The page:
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NONTHEMATIC / Vol. 22, No. 3 (Fall 1955)

The needs of the welfare client in a democratic society are the needs of the ordinary citizen, fully articulated in the constitutional guarantee of access to life, liberty and the pursuit of happiness. It is true that persons in deprived circumstances, whether through misfortune, accident, or disability, require help; but, in a timeworn yet accurate phrase, the help they need is only to help themselves. The greatest requirement of welfare and public-assistance recipients is for a rational arrangement of the social and economic environment which will afford them an equal start and an open field in the common pursuit of happiness.

The word 'theory' denotes an organized set of ideas about reality. 'Empirical' theories are generalizations about observable reality. 'Ethical' theories express some degree of preference or distaste about reality in accordance with certain a priori standards of evaluation; and some ethical theories state the ideal goals toward which reality is out to be changed. 'Metaphysical' or 'theological' theories are attempts by some writers to discover the ultimate nature of reality transcending the observable; and some of these theories are attempts to establish an ultimate justification for certain ethical convictions.

The recent decision of the United States Supreme Court in the public-school segregation cases may have transformed Plessy v. Ferguson into an historical relic but one mischievous doctrine announced in that 1896 case still exerts its baleful influence.

Will Maslow's thesis is an extension to a special situation of the ancient belief that the law may be used, and may be used expediently, to regulate conduct, and the encourage, even to create, certain kinds of equality.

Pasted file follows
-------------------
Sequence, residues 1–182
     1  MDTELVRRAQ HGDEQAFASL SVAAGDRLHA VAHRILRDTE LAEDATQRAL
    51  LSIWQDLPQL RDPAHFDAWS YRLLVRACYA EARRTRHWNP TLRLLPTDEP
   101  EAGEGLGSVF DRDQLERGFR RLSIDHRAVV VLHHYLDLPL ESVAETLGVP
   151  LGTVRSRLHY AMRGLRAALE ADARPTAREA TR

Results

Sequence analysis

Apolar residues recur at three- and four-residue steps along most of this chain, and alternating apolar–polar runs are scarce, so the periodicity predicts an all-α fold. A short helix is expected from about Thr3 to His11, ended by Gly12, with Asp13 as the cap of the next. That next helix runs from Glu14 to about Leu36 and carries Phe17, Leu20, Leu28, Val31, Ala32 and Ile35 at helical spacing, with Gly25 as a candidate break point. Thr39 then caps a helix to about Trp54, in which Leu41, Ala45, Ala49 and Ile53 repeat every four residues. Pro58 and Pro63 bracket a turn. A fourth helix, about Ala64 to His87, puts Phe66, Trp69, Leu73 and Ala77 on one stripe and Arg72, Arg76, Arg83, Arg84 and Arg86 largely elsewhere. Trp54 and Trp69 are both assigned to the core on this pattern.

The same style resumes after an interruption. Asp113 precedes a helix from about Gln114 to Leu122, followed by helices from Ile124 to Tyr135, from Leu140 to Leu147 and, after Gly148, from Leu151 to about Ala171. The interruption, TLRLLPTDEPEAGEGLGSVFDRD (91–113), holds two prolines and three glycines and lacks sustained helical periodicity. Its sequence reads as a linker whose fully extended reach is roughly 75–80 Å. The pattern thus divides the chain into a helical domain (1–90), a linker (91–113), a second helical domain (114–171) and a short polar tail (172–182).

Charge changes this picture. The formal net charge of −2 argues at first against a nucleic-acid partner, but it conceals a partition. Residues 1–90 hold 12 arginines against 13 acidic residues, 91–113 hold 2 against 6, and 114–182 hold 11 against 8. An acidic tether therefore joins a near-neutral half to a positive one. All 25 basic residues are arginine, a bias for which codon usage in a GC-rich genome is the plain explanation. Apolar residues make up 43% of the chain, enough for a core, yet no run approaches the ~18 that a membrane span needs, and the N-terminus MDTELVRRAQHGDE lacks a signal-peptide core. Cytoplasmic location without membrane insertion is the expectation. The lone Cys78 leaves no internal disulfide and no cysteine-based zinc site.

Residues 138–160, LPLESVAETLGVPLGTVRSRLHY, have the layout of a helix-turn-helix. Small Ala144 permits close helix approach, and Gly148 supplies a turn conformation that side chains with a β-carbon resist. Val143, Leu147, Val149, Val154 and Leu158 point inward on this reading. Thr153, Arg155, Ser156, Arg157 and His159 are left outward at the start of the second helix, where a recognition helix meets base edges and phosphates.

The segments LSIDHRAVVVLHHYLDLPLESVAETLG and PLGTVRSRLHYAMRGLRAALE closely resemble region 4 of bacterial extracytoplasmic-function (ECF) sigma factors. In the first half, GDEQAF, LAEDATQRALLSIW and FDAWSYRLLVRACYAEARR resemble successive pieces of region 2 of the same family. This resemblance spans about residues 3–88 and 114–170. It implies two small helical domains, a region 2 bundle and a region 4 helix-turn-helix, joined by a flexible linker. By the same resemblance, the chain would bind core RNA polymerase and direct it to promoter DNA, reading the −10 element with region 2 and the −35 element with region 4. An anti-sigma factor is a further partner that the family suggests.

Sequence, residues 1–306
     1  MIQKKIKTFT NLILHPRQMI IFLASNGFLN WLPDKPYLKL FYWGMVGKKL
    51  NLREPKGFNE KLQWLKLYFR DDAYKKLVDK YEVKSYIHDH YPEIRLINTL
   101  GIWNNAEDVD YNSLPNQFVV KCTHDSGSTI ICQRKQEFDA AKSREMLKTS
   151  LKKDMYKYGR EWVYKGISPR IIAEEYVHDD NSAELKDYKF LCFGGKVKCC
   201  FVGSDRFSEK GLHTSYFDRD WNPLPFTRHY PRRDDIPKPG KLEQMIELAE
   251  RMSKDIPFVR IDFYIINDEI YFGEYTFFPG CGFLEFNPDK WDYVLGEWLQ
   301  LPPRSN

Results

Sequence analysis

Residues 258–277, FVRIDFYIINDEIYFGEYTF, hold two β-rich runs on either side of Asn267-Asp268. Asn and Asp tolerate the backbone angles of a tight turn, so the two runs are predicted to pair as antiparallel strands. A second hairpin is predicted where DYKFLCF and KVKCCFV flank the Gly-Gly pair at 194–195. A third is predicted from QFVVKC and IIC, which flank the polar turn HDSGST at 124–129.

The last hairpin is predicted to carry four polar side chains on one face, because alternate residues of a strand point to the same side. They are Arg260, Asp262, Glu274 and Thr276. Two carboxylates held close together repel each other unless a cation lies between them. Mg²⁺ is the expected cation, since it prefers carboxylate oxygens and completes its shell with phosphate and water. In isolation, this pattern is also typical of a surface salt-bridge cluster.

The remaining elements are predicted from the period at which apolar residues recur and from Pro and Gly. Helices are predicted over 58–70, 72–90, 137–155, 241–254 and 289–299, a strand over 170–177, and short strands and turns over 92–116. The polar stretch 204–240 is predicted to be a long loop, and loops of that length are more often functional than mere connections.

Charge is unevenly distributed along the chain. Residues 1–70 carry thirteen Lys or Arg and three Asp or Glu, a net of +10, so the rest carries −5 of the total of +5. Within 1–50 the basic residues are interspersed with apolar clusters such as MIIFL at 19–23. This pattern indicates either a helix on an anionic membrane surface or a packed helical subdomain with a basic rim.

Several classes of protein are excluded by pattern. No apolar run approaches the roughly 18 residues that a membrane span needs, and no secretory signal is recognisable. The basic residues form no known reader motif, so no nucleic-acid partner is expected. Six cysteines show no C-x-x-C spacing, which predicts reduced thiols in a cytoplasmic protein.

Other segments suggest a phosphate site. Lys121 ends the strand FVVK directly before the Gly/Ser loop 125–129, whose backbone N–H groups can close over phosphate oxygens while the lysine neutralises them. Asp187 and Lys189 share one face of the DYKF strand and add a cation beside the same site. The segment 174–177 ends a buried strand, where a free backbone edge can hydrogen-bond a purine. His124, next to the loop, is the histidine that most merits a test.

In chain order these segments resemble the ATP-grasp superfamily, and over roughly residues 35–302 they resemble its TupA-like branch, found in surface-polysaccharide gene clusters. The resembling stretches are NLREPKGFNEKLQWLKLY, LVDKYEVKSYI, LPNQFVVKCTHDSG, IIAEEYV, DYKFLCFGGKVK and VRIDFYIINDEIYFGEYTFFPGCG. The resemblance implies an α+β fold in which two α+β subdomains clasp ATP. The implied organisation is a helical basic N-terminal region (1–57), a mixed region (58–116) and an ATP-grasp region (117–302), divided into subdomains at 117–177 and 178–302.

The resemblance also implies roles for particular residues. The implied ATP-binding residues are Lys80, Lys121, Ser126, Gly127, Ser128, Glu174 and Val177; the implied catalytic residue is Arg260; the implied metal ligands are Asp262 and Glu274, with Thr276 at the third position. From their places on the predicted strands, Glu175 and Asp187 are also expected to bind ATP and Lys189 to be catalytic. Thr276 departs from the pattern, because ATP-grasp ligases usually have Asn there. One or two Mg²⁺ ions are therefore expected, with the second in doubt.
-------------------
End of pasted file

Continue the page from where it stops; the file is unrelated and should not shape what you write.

The traditional methods of studying French political history have been used on the tacit assumption that France since 1789 has been a completely different nation from that which existed before 1789.

Shortly before dawn on August 24, 1954, the President of the Republic of Brazil reluctantly agreed to take a ninety-day 'leave of absence.' This decision made, Getulio Vargas retired to his office to write an inflammatory testament, a document virtually inciting revolution among the people of Brazil. At 8:20 a.m. Getulio Vargas laid aside his pen and shot himself to death.

Tribute to Mirkine-Guetzevitch.

Review of book by William W. Lockwood. Princeton: Princeton University Press. 1954. 603 pp.

Review of book by Adolf A Berle Jr. New York: Harcourt, Brace. 1954. 192 pp.

Review of book by David M. Potter. Chicago: University of Chicago Press. 1954. 219 pp.

Review of book by Helen S. and Elman R. Service. Chicago: University of Chicago Press. 1954. 337 pp.

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